Research: Does vaping help smokers quit?

Posted 10th January 2018 by Mawsley
The Hollings Cancer Centre is the only National Cancer Institute-Designated cancer centre in South Carolina. The organisation stands out in other ways too, Hollings claims that it is at the forefront of cancer research. Unusually, the research they carry out is balanced, fair and has produced a study demonstrating vaping’s efficacy as a quit tool.

In their paper, published in Cancer Epidemiology, Biomarkers & Prevention, the team noted: “The proliferation of electronic nicotine delivery systems has generated a rapidly growing yet divergent literature on how these products impact smoking behaviour. Evidence suggests that the majority of ENDS users have intention to reduce and/or quit smoking.” But, despite recent studies documenting a positive association between ecig use and subsequent quitting, “not all studies have been consistent, and some have shown negative associations with quitting.”

The study was led by Matthew Carpenter, a tobacco control and addiction expert at the Medical University of South Carolina. “Combustible cigarettes are the most harmful form of nicotine delivery,” he said. “Alternative delivery of nicotine, through e-cigarettes, could significantly reduce harm and the risks of cancer and other diseases to smokers.”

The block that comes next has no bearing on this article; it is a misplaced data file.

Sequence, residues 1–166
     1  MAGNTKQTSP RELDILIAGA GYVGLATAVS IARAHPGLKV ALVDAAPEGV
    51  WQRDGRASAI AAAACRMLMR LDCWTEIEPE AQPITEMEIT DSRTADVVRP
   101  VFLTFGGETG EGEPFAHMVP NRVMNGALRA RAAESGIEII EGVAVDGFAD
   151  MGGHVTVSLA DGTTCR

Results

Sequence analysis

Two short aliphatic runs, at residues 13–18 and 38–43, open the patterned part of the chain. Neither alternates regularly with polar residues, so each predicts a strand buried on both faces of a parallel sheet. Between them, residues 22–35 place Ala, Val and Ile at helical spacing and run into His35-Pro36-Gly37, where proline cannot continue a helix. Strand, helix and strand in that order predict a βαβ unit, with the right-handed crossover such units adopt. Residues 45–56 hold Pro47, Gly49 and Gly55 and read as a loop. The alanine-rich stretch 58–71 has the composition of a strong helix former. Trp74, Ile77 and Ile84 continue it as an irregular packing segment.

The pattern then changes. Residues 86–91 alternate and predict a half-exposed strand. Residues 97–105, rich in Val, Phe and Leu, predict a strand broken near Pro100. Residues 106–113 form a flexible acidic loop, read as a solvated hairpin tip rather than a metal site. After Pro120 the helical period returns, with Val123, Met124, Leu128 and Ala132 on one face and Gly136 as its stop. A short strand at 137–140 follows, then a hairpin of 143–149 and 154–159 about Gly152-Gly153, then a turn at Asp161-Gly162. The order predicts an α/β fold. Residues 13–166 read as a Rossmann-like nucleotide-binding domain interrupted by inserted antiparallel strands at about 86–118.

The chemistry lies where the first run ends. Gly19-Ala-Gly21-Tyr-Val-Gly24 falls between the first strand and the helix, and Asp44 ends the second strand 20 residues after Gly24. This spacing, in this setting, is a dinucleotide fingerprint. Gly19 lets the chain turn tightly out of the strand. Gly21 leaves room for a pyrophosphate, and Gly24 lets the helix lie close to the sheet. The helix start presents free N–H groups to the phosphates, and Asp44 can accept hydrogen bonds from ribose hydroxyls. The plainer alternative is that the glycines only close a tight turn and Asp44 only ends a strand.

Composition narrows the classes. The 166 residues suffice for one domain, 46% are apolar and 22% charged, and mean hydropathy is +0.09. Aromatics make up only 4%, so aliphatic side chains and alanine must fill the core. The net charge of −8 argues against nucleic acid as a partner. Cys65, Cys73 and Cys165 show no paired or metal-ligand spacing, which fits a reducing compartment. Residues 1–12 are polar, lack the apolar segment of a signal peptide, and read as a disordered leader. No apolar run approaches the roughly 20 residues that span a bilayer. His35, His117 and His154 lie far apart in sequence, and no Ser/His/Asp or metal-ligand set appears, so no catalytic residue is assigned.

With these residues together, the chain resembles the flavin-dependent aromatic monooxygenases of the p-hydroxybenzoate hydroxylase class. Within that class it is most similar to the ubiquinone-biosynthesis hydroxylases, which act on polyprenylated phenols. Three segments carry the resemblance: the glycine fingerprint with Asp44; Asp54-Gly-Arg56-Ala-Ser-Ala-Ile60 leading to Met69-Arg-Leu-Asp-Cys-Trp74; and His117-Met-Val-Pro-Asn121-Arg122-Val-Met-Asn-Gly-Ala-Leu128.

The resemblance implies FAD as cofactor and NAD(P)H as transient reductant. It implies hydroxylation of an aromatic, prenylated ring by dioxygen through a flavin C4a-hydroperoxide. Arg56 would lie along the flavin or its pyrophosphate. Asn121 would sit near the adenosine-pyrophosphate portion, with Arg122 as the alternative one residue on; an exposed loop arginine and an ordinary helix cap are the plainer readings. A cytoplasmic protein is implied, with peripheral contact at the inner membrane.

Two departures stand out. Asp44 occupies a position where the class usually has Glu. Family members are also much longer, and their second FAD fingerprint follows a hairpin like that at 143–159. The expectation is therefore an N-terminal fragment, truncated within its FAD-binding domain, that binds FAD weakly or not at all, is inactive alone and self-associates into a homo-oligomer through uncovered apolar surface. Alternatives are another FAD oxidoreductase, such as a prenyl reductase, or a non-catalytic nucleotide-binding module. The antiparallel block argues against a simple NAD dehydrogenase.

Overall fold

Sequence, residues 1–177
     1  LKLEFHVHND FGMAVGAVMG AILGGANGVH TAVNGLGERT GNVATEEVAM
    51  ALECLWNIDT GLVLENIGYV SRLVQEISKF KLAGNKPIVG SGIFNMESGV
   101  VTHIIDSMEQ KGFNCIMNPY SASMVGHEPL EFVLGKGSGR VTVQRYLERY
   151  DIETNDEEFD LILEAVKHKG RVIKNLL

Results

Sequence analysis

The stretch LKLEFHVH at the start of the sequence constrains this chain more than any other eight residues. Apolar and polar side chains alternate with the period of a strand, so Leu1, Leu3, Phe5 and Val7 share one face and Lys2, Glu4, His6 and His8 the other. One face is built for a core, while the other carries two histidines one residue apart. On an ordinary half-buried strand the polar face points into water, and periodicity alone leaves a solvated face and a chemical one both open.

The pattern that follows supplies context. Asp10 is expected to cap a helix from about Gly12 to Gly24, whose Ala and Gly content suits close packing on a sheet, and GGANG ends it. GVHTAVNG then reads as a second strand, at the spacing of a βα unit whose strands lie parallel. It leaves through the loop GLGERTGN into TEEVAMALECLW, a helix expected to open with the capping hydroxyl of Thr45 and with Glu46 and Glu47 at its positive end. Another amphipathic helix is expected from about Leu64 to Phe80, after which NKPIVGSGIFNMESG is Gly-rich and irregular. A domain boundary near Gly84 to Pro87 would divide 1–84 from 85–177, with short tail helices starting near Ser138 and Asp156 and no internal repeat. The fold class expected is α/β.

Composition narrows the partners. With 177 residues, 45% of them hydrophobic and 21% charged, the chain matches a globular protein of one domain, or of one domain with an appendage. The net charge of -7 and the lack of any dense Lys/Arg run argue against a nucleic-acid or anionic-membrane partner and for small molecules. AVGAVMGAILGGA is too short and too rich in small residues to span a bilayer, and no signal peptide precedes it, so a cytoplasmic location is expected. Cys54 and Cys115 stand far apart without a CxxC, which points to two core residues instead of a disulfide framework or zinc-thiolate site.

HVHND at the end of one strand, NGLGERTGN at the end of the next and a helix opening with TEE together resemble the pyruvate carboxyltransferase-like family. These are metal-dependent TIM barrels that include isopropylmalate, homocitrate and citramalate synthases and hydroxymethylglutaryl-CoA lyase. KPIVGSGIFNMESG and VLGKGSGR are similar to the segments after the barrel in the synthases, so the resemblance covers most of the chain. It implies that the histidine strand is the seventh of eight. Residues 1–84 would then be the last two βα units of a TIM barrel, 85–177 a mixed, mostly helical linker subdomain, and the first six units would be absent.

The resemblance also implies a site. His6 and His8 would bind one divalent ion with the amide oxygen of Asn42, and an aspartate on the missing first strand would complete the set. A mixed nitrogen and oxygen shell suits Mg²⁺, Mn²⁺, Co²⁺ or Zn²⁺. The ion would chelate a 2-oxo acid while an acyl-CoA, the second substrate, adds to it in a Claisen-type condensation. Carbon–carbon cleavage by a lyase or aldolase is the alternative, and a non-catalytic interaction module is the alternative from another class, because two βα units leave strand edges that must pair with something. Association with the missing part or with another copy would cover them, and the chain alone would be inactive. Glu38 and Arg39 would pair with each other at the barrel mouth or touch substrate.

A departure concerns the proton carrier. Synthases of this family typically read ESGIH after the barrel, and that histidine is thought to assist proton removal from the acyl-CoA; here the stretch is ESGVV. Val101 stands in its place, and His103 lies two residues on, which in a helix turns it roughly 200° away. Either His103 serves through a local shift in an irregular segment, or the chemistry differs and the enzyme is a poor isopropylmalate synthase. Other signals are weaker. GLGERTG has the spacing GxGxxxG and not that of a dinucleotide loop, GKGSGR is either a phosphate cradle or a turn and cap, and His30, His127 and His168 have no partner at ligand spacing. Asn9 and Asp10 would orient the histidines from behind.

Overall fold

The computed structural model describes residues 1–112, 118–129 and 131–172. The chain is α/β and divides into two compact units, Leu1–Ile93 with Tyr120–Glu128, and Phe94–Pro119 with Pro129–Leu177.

Sixty-eight smokers were evaluated, with 46 randomised to use ecigs however they wished and 22 in a control group. At the end of the four-month study, the team discovered that vaping was popular, many went on to buy their own device afterwards, and that those who’d vaped smoked less.

Carpenter  explained: “The results are consistent with trials done outside the U.S. Many people rated the e-cigarettes similar to their usual product, which further suggests that these products might promote switching. Anything that gets smokers off combustible cigarettes is a good thing.”

Carpenter tempers the good news with some predictably American caution: “It is important to protect non-smokers, particularly adolescents and young adults, from starting any nicotine-containing product. This is something we need to really guard against. We know e-cigarettes are safer than traditional cigarettes, but that doesn’t mean e-cigarettes are completely safe.”

“We’ve gotten very good at the public health messaging of conventional smoking and prevention efforts for adolescents, but now kids see a new technology-based product that is supposedly safer, flavoured and isn’t a cigarette. These are all these things that raise our alarm bells for adolescents, and, in fact, e-cigarettes are more popular than conventional cigarettes among youth.”

He fuelled fears by warning that there are over “1,500 varieties” of vapes that “can entice kids”.

With the cancer centre announcing that it plans on scaling up the research, to cover over 650 smokers in 2018, we hope that they focus on the harm reduction aspect more than the fear-mongering.

 Dave Cross
Article by Dave Cross
Freelance writer, physicist, karateka, dog walker